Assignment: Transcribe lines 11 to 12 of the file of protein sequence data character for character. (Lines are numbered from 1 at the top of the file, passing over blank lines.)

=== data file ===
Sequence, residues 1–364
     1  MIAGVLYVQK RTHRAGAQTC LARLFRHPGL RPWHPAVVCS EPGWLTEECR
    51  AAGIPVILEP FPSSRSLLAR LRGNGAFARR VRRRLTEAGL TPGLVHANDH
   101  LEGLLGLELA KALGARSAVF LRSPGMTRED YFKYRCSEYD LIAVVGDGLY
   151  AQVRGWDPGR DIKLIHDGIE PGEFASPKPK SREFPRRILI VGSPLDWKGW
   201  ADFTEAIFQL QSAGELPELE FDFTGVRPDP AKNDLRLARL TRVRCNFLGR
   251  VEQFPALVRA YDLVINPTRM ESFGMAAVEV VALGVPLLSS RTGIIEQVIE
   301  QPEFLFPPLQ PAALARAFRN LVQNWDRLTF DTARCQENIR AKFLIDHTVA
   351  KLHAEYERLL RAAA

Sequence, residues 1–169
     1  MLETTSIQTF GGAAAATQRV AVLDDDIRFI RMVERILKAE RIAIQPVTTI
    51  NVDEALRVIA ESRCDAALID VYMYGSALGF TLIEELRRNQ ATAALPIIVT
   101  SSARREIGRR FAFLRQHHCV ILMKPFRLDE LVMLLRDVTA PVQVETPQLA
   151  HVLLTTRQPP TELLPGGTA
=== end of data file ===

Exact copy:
     1  MLETTSIQTF GGAAAATQRV AVLDDDIRFI RMVERILKAE RIAIQPVTTI
    51  NVDEALRVIA ESRCDAALID VYMYGSALGF TLIEELRRNQ ATAALPIIVT